Beverly Hills Cop II

February 28, 2020

Beverly-hills-cop-twoThe sequel to the monster hit Beverly Hills Cop didn’t have to be great to make a tidy piece of money. If ever a bonanza were guaranteed, this is it.

As it happens, Beverly Hills Cop II isn’t great. But it’s good enough to earn its inevitable megahit status honestly. There’s nothing unexpected here, no daring variation from the successful blueprint, but at least it’s a clever enough outing.

Much of the original cast is retained. Eddie Murphy plays Axel Foley, a Detroit cop who wings West again to aid his pals out in Los Angeles. This time, his policeman friend (Ronny Cox) gets seriously wounded during the investigation of a crime wave called the Alphabet killings. Foley and his cohorts (Judge Reinhold and John Ashton) are curtailed by an unsympathetic chief of police (Allen Garfield), so they decide to track down the bad guys on their own.

The trail leads to a sinister East German (Jurgen Prochnow), a flunkie (Dean Stockwell), and an Amazonian trigger woman (Brigitte Nielsen). It’s not giving anything away to reveal this: The movie’s more interested in the fun of the pursuit than in any mystery about who’s guilty.

And, well, it’s reasonably fun. Murphy gets to do more character business, adopting accents and attitudes, and he’s almost unerring in his comic sense. But, like the first film, there are some good laughs for the supporting players, too – from the bumbling chemistry of Reinhold and Ashton to the schtick of comedians Paul Reiser and Gilbert Gottfried.

As well-greased as the machinery is, and as much moolah as this film will make, it’s not an improvement over the original. Some of the looseness of the first film is drained off by director Tony (Top Gun) Scott’s relentlessly controlled frames. His style isn’t really appropriate to Murphy’s improvisational manner, and Eddie’s anarchy seems contained rather than liberated.

The nicest moments are those that have nothing to do with the plot: Murphy idly musing about the sex life of a turtle, some impromptu harmony on the music from The Dating Game, Reinhold’s curious emulation of Rambo – the latter is an inside joke, I guess, since Sylvester Stallone was at one time slated to play Murphy’s role in the original Cop, and Stallone’s wife, Brigitte Nielsen, is the villain here.

Every time the movie threatens to get too mechanical, Murphy steps in and confidently holds court.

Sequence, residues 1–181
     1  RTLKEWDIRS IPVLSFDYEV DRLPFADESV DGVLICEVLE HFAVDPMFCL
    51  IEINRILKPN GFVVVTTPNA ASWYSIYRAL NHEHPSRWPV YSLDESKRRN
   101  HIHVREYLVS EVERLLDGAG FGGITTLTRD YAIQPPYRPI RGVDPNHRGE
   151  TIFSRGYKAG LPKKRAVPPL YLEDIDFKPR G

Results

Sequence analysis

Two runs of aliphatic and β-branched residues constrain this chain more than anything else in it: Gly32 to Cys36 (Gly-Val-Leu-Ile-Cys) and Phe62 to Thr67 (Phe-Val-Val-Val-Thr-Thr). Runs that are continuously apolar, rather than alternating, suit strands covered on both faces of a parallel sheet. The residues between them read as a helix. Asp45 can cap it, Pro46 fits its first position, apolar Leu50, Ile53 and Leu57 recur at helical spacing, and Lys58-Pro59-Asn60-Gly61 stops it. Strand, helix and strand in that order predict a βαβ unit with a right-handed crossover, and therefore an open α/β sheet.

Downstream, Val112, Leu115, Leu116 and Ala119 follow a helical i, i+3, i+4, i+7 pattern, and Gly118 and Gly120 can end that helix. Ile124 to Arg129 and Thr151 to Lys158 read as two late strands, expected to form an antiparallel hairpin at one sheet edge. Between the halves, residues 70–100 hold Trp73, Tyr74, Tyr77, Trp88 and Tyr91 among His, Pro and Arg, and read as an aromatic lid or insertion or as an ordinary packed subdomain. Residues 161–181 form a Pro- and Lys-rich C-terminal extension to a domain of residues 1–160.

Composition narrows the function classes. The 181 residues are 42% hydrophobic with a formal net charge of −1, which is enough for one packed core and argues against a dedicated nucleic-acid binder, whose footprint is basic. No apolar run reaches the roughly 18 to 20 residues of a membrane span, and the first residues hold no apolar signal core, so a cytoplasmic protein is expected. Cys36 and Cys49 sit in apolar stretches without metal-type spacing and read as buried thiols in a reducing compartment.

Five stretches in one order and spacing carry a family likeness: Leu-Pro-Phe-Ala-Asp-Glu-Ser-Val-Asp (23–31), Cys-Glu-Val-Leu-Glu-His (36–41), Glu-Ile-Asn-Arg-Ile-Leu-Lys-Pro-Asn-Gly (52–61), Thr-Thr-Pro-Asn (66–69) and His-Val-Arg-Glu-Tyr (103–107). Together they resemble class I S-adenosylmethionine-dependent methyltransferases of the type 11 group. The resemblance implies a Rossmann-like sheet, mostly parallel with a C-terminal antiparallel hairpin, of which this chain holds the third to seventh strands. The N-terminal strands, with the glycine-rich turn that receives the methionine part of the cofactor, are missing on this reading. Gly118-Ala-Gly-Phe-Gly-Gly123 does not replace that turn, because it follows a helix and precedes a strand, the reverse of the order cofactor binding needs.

First published in the Herald, May 21, 1987

It looks like another of those reviews that got lopped off for space at the end. But Murphy does hold court, without question. Of course the really controversial part of this review is my complaint about Tony Scott’s relentlessly controlled frames. As much as it amazes me, there are critics who feel that T-Scott is not only an underappreciated auteur but a kind of master, a claim which I will respectfully deny, and if I need to be disrespectful, I will. How this movie in particular gets defended I don’t know, but then I haven’t seen it since the press screening.


Night Visitor

February 24, 2011

Night Visitor makes a bid to be the kookiest horror movie of the year, and it may well end up with that distinction. For its first half-hour or so, it’s a straightforward teen horror flick, full of strained adolescent banter and some leering jokes about voyeurism.

In this section, a teen (Derek Rydall) watches intently as his new neighbor moves in. She’s a shapely, extremely friendly blonde (former Playboy Playmate Shannon Tweed) who seems to be a call girl. One night while Rydall is peeping into her window, he sees her murdered. The killer is wearing a devil mask. When it falls off, Rydall recognizes the perpetrator; it’s his history teacher!

Obviously, there’s a certain amount of wish-fulfillment going on here, in fantasies of high school teachers as demonic emissaries. At this point, Night Visitor takes a turn for the wacky, as it turns out the teacher (Allen Garfield) and his half-wit brother (Michael J. Pollard) are practicing Satanists. Garfield flounces around their home in a fire-red jogging suit while bossing his brother (“Praise Satan. Now start my kidney pie”). They also kidnap and chain up prostitutes in their basement, before sacrificing them in a room decorated with pentagrams and goats’ heads.

Garfield is a balding, rotund character actor who always brings an offbeat gleam to his work. The elfin Pollard, who gained fame (and a supporting actor Oscar nomination) for Bonnie and Clyde, is also a reliably peculiar performer. In their scenes together, they seem to be making an entirely different movie; blackly humored and subversive.

And the film isn’t even finished throwing curveballs. Arriving halfway through is a burned-out ex-cop (played by Elliott Gould) to help the young heroes prove they’re not just making the whole thing up.

Properly handled, Randal Viscovich’s screenplay might have had some fun possibilities. But Night Visitor is so ineptly and unevenly shot and acted that it’s pretty much a wash. When Garfield and Pollard are on screen, though, the film takes on a crazed grin.

First published in the Herald, May 1989

The cast also includes Henry Gibson and Richard Roundtree—well, sure it does, it’s that kind of movie. The IMDb entry on screenwriter Viscovich gives this movie as his sole credit, but under the “Trivia” section it says, “Mentor – Howard Hawks.” And I suppose we will never know more than that.